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How the pandemic and social unrest motivated a new coalition to build an equitable foundation for the coffee industry

March 28, 2021, 12:00 PM UTC
Rwandan woman hand-picking and sorting washed coffee at the Kiyumba washing station in the southern province of Rwanda.
Courtesy of Impexcor Coffee

Pouring coffee from one vessel to another is a narrative, a morning ritual that stimulates the sluggish into the vigorous. For centuries that invigorating elixir has powered armies through war, drove dreary mechanics up before the sun, and propelled regions to carry out centuries-long ceremonies centered around a steeping cup of brew. Coffee, the second most traded commodity is also the most consumed beverage following water.

While coffee’s origins are rooted in African history, its farmers and the Black diaspora have not been fairly represented in the industry; something coffee purveyors, importers, and a global coalition are pushing to the forefront.

Being grounded

When COVID-19 hit, cafés flipped chairs onto tables and to-go brews into online subscriptions. Most importers who typically take two to three international trips to origin were grounded. Now, those face-to-face connections are done through technology, such as WhatsApp, Instagram, Clubhouse, and Zoom.

“The pandemic pretty much just shut it all down. And for me, it put a spotlight on the real issue,” says Phyllis Johnson, a 21-year coffee veteran and founder of BD Imports, a specialty grade coffee supplier whose work focuses on social responsibility. “[Coffee] isn’t about romanticizing the altitude and the flavor profile, it really is getting to the heart of the matter. And it’s a matter that we don’t like to talk about.”

A traditional Ethiopian coffee ceremony in which Efrem Fesaha’s mother Tsegheweini shows off her freshly roasted coffee, which will be ground and poured into a Jebena to begin brewing.
Joseph Robertson

Johnson is engrained in the underpinnings of agriculture and the livelihoods of farmers having grown up on a cotton farm. The stillness of quarantine and then America’s racial unrest shed light on coffee’s history and the oppression of its producers. During this time, she wrote an open letter to the U.S. coffee industry. While she didn’t intend for that letter to fuel a full-on organization, her call for action became the Coffee Coalition of Racial Equity (CCRE). Today, it consists of 16 international board members with the goal to empower and support Black business and weave diversity into the supply chain.

Pouring over the history

Seeking out coffee’s history isn’t easy. It’s filtered and watered down like the long lineage of African impact on the world. For coffee, there’s a mythical allure that cloaks the reality of colonization and forced labor. Coffee trade steeps on the laurels of colonization and human sacrifice. Today, that is reflected through inequality both economically and racially. However, when the roles of Black, Indigenous, and people of color (BIPOC) are understood and when their stories are heard, it is realized that coffee has a birthright and inheritance.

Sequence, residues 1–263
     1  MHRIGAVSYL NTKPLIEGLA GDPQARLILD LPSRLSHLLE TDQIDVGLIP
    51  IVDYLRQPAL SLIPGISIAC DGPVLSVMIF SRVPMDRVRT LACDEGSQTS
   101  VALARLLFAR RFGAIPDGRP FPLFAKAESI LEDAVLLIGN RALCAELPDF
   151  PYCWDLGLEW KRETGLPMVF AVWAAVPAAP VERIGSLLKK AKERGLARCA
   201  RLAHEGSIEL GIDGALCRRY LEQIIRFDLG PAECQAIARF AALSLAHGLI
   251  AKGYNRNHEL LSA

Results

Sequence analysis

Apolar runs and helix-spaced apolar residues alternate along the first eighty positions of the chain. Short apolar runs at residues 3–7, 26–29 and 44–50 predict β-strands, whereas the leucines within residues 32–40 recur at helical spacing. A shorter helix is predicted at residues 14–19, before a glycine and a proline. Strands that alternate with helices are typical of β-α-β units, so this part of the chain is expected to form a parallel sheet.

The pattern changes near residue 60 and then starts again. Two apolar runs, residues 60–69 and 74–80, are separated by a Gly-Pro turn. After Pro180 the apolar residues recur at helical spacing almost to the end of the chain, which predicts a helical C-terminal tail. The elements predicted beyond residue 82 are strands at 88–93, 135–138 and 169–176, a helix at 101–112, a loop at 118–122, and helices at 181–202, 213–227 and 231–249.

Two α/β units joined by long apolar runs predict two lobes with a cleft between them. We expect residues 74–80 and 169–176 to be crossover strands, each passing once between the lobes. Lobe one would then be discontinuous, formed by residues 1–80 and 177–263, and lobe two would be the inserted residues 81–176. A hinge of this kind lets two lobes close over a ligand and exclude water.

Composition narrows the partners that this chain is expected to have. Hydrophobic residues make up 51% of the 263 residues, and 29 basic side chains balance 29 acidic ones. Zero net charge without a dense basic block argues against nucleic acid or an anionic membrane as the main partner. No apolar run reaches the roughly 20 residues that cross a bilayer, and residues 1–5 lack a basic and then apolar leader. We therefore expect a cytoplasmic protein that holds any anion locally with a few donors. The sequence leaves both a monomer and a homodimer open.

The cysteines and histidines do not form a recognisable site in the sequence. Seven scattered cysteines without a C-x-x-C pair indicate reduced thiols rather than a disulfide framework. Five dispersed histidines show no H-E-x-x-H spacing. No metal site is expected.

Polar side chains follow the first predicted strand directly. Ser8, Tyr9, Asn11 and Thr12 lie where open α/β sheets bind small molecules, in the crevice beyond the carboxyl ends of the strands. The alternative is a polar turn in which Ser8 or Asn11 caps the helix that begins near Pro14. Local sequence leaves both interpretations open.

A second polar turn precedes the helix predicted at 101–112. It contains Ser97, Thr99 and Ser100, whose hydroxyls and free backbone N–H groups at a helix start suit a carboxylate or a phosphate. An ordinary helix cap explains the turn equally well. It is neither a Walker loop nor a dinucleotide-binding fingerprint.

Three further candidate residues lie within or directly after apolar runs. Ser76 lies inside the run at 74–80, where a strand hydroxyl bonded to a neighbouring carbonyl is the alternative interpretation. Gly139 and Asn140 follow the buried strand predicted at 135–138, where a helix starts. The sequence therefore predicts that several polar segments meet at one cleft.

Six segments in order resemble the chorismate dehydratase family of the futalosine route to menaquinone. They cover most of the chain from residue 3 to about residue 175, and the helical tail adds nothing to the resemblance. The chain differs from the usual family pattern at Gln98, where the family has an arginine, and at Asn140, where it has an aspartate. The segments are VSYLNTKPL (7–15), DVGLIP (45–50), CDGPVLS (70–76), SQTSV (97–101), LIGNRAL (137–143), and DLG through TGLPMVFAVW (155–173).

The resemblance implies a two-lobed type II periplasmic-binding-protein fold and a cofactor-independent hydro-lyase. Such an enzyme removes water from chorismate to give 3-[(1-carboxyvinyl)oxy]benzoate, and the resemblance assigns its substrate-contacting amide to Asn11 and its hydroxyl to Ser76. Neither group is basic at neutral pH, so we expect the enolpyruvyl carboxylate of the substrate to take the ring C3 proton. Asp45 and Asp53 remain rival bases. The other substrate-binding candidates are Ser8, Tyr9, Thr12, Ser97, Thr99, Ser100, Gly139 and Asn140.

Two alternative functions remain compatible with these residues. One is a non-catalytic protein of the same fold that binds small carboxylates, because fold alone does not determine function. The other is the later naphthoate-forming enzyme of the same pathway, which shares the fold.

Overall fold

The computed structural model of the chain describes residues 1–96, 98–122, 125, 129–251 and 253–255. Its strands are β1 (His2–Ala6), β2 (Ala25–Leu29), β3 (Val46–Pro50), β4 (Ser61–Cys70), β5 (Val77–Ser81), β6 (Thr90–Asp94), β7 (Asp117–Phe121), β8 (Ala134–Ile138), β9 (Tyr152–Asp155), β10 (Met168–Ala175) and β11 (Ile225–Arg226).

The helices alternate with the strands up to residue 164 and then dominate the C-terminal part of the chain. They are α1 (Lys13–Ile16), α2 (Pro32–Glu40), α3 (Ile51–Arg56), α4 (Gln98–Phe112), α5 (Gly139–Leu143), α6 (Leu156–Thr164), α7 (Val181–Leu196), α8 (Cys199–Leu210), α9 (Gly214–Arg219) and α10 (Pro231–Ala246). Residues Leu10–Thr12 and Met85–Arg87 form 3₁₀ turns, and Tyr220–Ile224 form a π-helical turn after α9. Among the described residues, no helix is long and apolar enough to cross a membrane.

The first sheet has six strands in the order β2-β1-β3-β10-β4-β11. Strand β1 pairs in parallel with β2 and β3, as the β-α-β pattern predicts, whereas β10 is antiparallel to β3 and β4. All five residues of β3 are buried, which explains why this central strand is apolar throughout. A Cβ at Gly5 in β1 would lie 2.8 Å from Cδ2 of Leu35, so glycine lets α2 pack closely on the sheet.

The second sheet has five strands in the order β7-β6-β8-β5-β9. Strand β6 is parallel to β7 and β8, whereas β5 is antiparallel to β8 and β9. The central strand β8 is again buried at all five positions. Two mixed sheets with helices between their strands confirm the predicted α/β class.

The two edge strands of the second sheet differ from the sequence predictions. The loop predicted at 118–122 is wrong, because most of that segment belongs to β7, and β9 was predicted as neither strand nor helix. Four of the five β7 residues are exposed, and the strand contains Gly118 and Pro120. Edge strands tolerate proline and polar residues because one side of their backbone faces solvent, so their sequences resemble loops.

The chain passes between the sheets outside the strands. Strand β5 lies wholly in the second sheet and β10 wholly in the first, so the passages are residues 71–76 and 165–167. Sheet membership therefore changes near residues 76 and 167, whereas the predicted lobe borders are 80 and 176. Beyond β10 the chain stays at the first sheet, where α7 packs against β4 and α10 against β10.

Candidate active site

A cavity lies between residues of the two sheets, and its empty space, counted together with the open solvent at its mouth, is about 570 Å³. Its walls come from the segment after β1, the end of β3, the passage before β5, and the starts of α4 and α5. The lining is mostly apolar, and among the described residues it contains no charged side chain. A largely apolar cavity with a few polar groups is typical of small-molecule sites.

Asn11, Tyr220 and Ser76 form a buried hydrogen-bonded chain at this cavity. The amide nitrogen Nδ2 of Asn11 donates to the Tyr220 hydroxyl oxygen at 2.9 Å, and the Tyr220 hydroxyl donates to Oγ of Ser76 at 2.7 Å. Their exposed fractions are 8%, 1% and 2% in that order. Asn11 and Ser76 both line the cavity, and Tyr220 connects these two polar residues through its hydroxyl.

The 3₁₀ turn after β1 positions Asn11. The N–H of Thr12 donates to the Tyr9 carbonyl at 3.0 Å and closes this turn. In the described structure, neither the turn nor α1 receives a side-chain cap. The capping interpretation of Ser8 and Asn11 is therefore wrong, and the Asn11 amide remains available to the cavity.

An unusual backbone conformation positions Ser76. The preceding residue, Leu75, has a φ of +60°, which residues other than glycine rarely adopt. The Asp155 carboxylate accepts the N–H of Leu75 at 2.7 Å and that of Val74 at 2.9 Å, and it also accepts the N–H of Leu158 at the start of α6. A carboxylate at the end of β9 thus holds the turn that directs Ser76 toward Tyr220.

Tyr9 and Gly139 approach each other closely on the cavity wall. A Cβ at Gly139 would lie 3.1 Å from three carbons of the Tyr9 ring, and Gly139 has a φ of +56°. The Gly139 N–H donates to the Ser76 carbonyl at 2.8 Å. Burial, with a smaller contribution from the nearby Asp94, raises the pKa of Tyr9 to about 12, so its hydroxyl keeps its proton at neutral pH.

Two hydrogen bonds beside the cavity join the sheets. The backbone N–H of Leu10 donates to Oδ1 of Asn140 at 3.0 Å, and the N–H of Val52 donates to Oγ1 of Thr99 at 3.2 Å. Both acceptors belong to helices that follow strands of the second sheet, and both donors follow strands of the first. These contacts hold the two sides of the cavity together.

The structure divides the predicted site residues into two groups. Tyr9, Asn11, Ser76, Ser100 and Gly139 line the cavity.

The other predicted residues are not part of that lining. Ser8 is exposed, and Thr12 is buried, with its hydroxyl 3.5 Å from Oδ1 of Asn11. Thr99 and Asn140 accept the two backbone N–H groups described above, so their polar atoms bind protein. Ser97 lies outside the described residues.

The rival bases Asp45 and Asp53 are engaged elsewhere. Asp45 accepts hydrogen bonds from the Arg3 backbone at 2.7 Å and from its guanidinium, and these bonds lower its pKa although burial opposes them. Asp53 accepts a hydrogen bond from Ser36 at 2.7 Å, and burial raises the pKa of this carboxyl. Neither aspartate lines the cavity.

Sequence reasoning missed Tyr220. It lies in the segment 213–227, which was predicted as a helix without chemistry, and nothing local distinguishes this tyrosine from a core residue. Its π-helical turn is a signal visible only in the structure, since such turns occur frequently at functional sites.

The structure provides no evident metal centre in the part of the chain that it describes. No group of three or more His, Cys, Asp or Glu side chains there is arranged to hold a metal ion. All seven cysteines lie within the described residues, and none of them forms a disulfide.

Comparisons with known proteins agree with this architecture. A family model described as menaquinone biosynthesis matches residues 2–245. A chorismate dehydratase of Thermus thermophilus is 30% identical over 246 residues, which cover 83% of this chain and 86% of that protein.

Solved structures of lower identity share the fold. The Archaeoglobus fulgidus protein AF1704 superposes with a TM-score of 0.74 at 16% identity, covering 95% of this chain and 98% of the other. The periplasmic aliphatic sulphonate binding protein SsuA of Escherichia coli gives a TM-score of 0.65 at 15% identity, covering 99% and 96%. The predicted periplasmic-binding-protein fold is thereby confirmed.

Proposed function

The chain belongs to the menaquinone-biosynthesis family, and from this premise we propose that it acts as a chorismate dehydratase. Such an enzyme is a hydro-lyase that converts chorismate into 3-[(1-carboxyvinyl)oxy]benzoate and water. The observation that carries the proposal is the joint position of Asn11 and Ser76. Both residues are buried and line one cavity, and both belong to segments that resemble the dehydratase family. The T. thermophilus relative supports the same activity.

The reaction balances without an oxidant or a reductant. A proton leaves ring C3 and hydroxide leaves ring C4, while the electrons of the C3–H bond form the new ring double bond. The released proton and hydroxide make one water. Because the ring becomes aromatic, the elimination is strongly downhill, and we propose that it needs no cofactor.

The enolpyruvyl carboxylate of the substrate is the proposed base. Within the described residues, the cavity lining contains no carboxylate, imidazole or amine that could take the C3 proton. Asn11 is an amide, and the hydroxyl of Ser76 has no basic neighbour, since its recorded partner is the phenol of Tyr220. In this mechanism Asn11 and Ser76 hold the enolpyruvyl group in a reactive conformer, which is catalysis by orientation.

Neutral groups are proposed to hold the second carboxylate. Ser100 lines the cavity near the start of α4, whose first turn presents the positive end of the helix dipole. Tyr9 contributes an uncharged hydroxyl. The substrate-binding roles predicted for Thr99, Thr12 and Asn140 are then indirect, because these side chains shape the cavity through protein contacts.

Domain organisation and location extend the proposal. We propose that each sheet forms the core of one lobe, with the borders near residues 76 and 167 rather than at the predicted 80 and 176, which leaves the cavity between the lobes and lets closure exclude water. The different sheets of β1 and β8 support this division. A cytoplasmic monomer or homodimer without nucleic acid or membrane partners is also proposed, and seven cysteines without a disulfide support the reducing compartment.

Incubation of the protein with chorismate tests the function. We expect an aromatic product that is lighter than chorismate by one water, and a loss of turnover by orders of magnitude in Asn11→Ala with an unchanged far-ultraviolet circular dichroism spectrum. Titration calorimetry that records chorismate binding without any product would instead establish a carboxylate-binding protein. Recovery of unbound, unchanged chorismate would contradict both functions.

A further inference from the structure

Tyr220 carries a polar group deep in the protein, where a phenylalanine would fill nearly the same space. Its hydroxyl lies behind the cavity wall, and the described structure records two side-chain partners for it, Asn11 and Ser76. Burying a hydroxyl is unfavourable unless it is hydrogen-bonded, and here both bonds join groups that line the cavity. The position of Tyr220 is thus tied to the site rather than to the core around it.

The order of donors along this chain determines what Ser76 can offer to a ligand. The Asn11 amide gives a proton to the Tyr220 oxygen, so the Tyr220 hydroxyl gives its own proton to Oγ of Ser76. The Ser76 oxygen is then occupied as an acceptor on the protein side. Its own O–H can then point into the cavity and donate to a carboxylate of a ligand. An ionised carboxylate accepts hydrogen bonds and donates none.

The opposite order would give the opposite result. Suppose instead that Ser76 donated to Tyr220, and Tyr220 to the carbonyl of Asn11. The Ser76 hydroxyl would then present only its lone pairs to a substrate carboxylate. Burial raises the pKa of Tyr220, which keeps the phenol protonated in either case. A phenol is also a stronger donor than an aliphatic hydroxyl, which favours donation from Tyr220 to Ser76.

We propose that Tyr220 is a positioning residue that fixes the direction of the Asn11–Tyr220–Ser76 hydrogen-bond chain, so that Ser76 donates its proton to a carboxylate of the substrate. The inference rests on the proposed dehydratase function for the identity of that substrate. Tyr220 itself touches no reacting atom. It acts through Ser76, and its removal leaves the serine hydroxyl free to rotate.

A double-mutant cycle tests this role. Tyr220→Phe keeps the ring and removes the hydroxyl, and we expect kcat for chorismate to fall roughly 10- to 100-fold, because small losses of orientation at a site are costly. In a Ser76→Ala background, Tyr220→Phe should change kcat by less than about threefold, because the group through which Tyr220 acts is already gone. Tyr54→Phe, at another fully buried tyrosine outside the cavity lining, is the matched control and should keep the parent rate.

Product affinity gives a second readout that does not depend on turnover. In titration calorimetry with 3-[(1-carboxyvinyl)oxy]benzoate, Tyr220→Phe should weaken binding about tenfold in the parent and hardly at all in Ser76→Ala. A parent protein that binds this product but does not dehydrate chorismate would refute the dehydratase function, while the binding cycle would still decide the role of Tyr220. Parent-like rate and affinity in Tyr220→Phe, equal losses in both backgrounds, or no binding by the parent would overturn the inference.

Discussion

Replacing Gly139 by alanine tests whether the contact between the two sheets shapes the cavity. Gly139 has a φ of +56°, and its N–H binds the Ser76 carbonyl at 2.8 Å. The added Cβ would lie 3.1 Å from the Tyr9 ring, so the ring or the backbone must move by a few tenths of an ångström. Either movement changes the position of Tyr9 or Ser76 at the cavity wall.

The birthplace of the Arabica coffee plant—the most popular varietal in the world—is Kaffa, Ethiopia. The word “Kaffa” means coffee. Nearby, Yemen was a main channel for trade and the crop became commercially grown after it was crafted into a drinkable beverage (whereas before the coffee cherry was an edible snack). It’s popularity became widespread and in the 1600s, it is said that Dutch explorers stole seeds and brought them to the West Indies where it was cultivated as a commodity. In 1616, Black people were taken from Africa and they too were commodified and enslaved to produce the very crop reared on their land.

The coffee plant discovered by Africans is now a $225 billion industry. In a report by Heifer.org, it states that “less than 10% of that aggregate wealth stays in producing countries, and only 5% to 7% makes it to the farmers themselves.”

Farmers from growing regions—Africa, South and Central America, Costa Rica, Asia, to name a few—are simply missing out. Once the beans leave the farm, representation is seldom found throughout various sectors of the industry: importers, roasters, baristas, and consumers.

Workers sorting washed coffee at the Gatare washing station in the Nyamasheke district of Rwanda.
Courtesy of Impexcor Coffee

For Delvin Stern and Adesina DeYounge of Equatorial Coffee Consultants, Johnson has paved the way through instrumental resources to navigate through the industry and partake in economic opportunity. “We also want a seat at the table,” says Stern who supplies specialty green coffee (beans that are “raw” and not yet roasted) from farms globally. “However, we have either been consumers or laborers, but not [fully] responsible for distribution.”